Temporal range: Late Oligocene–Early Miocene
Proailurus (meaning "first cat") is an extinct carnivoran felid that lived in Europe and Asia approximately 25 million years ago in the Late Oligocene and Miocene. Fossils have been found in Mongolia, Germany, and Spain. One recent phylogeny places it as a basal member of the Feliformia, the suborder that includes mongooses, civets, hyenas, and cats; but other studies suggest that it instead was a felid (a true cat).
Proailurus was a compact and small animal, just a little larger than the domestic cat, weighing about 20 lb (9 kg). It had a long tail, large eyes and sharp claws and teeth, with similar proportions to the modern viverrids. Its claws would have been retractable to some extent. Like the viverrids, Proailurus was at least partially arboreal.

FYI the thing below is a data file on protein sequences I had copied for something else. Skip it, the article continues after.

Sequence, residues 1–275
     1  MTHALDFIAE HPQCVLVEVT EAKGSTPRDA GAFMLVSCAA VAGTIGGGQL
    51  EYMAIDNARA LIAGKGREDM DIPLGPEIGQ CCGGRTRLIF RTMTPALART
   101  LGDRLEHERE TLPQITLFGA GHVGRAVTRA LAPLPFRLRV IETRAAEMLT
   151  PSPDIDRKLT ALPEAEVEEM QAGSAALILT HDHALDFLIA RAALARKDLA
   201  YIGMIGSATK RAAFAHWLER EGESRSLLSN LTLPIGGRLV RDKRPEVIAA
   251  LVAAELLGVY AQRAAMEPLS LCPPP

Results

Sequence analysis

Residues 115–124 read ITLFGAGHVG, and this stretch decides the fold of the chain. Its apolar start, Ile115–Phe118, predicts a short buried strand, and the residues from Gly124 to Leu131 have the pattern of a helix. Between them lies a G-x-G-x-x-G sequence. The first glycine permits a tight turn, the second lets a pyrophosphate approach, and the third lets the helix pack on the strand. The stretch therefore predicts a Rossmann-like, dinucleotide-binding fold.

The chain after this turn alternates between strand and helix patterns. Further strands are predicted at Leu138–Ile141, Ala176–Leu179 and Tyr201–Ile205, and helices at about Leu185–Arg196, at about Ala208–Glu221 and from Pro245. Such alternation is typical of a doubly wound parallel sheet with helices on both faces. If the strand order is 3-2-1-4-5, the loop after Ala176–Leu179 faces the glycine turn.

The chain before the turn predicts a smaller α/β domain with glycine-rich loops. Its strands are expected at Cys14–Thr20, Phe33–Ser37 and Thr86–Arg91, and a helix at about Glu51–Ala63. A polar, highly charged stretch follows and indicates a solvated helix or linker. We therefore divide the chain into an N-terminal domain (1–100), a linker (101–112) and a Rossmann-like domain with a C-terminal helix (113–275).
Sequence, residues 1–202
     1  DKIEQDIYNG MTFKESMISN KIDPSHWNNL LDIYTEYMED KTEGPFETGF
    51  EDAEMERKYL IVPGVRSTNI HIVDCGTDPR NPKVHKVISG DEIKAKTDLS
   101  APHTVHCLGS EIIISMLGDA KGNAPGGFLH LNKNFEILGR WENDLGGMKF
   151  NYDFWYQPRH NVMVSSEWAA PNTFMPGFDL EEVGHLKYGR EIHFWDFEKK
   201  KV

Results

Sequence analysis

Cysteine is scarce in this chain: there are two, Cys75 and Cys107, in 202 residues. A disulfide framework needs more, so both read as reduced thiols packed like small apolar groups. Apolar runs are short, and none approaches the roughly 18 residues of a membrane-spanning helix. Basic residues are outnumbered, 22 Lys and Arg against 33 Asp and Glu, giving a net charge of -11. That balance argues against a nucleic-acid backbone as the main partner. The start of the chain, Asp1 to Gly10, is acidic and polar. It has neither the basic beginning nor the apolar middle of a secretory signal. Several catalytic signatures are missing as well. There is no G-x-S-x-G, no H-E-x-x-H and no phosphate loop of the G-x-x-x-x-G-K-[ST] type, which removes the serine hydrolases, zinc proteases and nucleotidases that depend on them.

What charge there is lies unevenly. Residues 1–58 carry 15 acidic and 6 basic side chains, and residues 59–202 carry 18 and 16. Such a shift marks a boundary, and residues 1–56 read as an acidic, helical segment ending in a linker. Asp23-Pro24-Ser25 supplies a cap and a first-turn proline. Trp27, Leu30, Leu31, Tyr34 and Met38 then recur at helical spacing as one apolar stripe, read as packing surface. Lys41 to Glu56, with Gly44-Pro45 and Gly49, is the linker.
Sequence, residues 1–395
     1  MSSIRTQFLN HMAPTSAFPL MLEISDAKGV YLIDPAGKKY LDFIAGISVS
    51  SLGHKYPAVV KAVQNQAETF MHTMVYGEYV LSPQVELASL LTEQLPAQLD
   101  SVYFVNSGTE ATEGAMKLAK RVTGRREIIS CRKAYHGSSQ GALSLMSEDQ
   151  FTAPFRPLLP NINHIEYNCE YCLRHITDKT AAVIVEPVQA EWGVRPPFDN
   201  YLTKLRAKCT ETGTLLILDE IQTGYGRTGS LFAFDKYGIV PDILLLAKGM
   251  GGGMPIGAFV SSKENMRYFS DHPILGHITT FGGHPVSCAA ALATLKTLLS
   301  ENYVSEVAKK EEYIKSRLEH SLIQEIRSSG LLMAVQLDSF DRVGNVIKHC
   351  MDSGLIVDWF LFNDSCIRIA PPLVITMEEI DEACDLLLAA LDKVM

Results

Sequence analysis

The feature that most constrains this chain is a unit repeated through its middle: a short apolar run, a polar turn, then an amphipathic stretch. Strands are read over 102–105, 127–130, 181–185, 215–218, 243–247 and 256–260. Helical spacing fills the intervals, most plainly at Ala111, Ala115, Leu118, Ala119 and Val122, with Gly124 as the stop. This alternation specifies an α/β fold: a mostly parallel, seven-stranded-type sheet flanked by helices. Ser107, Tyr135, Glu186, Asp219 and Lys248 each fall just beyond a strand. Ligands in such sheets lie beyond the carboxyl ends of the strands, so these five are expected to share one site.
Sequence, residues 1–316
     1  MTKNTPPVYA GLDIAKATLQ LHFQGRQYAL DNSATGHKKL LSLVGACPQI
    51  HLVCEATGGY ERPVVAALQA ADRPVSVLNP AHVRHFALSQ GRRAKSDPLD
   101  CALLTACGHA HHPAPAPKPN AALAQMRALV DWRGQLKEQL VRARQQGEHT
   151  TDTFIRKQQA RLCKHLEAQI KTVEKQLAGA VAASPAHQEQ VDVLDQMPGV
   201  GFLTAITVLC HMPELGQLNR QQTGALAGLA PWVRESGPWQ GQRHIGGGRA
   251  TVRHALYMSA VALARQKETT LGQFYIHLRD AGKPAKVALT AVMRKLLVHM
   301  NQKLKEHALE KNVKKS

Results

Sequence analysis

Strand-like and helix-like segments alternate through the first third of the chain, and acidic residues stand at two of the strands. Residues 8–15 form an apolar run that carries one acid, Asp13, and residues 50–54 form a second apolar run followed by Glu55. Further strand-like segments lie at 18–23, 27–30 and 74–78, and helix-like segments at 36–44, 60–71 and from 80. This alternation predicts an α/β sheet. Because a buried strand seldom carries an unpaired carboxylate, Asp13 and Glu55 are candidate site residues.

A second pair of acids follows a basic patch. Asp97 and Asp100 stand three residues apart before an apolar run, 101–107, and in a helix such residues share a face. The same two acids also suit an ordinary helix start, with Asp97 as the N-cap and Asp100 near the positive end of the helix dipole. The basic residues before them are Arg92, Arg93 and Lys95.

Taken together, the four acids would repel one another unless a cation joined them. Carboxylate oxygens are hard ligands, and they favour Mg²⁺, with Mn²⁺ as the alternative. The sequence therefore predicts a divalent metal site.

Proailurus was a likely ancestor of Pseudaelurus, which lived 20-10 million years ago, and probably gave rise to the major felid lines, including the extinct machairodontines and the extant felines and pantherines, although the phylogeny of the cats is still not precisely known.
- Paleobiology Database: Proailurus
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- Rothwell, Tom (2003). "Phylogenetic Systematics of North American Pseudaelurus (Carnivora: Felidae)". American Museum Novitates. 2403: 1–64. doi:10.1206/0003-0082(2003)403<0001:PSONAP>2.0.CO;2.
- Turner, Alan (1997). The Big Cats and their fossil relatives. New York: Columbia University Press. p. 25. ISBN 0-231-10228-3.
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